... I assume they are in the U.S., but I can't find where they are located.

I also wondered about that. This is what I found out. The owner of QRP Labs is a British ham:

G0UPL Hans Summers. -- Email:

Check Podcast Episode #125 here:

Quote from:
As a 2009 QRP ARCI Hall of Fame inductee - Hans Summers, G0UPL, is an electronic experimenter and amateur radio innovator extraordinaire. Hans pays careful attention to compact and minimal parts count to achieve the design goals of his homebrew projects. Hans is the owner of QRP Labs joins Eric, 4Z1UG, in a conversation about QRSS slow data transmissions, high altitude balloon transmitters, and shares his ham radio and electronic builder story.


Edit: I removed his complete home address, found on All other information is publicly available.

The Commander of Task Force (CTF) 75, Fleet Combat Camera Pacific (U.S. Navy), has recently discovered that HF Radio across the Pacific actually works ...

Quote from:
Commander, Task Force (CTF) 75 successfully completed communications systems tests using high-frequency (HF) radio waves to broadcast voice and data 6,050 miles from Naval Base Guam to Port Hueneme, California, July 27, 2017.

The assessment tested the capabilities of expeditionary forces to use HF waves to deliver data over the Pacific. HF has become a viable alternative for military forces when more common forms of communication, such as satellites, are unavailable.
Common communication devices used by the U.S. military incorporate satellites. CTF-75 has been testing HF systems in the case of satellite communication failure. HF is a frequency wave broadcast that is transmitted around the curvature of the Earth. Unlike other forms of frequencies, such as very-high frequencies and ultra-high frequencies, the transmission is not distorted by terrain or physical obstructions.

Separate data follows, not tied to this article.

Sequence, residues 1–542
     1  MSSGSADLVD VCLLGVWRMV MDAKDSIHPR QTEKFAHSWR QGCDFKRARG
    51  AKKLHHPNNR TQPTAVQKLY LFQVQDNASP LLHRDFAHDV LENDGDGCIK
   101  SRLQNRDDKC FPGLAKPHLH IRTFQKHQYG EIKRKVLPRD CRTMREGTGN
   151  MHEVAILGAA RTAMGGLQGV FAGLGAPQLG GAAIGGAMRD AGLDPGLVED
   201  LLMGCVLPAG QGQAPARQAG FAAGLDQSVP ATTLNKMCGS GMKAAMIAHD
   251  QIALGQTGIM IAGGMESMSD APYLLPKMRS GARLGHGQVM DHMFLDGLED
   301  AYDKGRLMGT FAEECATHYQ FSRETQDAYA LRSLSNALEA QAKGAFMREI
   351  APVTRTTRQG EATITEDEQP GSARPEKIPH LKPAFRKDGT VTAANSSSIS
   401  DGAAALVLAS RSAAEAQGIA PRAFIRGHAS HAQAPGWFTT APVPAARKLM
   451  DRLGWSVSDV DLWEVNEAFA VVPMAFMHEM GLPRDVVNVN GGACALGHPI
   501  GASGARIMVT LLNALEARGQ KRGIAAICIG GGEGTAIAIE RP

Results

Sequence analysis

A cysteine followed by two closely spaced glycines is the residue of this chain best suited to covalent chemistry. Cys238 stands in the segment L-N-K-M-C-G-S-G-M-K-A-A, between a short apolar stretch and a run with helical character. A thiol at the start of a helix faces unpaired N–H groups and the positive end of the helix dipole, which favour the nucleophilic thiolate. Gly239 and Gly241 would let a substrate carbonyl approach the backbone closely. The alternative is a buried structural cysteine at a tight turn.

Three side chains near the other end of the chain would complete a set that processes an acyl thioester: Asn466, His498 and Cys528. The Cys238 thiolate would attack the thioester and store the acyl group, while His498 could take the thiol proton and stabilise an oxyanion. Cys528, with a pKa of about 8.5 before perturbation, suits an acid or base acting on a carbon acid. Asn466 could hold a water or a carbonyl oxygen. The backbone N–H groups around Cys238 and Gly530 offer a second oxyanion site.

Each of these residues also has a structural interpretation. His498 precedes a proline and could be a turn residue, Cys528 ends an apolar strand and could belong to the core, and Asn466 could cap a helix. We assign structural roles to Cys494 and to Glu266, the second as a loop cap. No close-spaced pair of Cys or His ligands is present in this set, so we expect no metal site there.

"We may not always have access to operational equipment or the latest assets, but as communicators we should have a backup plan that is ready to be executed," said Carmon.

Well done, boys! -- Next: The Wheel. And then: Gunpowder ...
Quote from: gil on September 19, 2016, 04:53:09 amSparks, where are you located? Is your BALUN a 4:1 or 1:1 type? You would use it to feed a dipole or Windom.. Do you have two support points high up to string a wire, only one? None? Trees?

Thanks to the three of you who have replied. Sorry for not responding until now! Life's unforeseen circumstances and family responsibilities forced me to leave the radio and the paraphernalia packed and stored with a friend in southern Norway, until further notice, so I haven't been able to look closely at the balun. I planned to use the set for portable QRP (CW only) on hiking trips in forests and mountains. I now consider selling the FT-817ND and instead acquire this radio:,1327.0.html  ( ELAD FDM-DUO Transceiver )
I cannot find this Italian radio mentioned anywhere in this forum. Anyone here familiar with it?

I am asking because Norway's major ham outlet runs a summer sale with a 25% discount on this one, and I am considering selling my unused Yaesu FT-817ND to acquire the ELAD FDM-DUO instead.

Some links concerning this radio, mostly reviews:  (Several reviews; mostly very favorable.)  --  (Manufacturer's site.)  (U.S. shop.)  (Where the summer sale is.)
General Discussion / Re: Backpacks
June 11, 2017, 06:45:01 pm
Quote from: Jon_Garfio on June 08, 2017, 04:56:11 am
All my ham radio gear is into this 5.11 moab 6 backpack, leads, rig, antennas, batteries, solar pannel, chargers etc.

(My emphasis.) There is a large empty space after this sentence and before the two concluding ones, but I see absolutely no link(s) nor pictures or any other kind of illustration in between.
Quote from: PuJo on June 08, 2017, 08:05:31 pm
Here is the link Vibroplex Code Warrior Juniors CODEWARR-JR

No link there, so here is the link to the manufacturer's site:

Quote from: Joe on May 11, 2017, 02:32:24 am
And loosing a week with the evacuation oder because of Oroville Dam has put me that much further behind.

Many facts here, hopefully all correct:

And this is Wikipedia at its best:

This topic interests me since many friends and relatives live downstream of huge dams in Scandinavia.